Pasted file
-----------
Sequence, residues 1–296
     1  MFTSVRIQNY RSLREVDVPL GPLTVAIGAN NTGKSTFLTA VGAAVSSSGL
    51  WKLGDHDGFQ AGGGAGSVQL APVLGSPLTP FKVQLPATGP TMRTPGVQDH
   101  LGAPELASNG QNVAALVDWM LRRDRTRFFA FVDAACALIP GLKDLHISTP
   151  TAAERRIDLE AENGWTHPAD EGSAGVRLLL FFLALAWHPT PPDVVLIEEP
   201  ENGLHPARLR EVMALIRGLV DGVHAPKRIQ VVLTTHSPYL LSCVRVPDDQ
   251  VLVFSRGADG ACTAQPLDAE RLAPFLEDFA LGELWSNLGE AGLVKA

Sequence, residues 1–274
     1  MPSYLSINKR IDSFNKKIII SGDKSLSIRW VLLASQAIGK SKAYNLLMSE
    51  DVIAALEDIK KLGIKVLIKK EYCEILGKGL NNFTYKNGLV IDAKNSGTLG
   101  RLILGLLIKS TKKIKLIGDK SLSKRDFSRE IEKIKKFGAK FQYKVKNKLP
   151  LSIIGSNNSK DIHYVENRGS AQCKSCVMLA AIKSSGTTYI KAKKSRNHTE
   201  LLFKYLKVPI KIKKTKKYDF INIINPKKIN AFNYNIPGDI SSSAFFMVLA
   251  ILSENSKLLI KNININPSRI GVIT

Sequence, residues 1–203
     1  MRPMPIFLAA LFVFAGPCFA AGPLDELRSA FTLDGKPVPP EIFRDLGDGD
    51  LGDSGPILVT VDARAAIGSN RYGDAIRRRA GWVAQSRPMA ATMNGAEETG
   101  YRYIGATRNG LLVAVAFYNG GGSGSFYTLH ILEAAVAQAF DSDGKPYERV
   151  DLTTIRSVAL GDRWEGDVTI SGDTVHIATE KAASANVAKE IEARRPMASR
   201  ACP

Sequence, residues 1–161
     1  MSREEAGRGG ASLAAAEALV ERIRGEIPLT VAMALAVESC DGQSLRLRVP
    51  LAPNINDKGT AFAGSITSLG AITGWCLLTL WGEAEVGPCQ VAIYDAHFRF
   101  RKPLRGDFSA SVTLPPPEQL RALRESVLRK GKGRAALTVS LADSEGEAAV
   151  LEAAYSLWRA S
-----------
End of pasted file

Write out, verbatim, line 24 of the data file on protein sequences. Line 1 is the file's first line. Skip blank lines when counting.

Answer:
   101  RKPLRGDFSA SVTLPPPEQL RALRESVLRK GKGRAALTVS LADSEGEAAV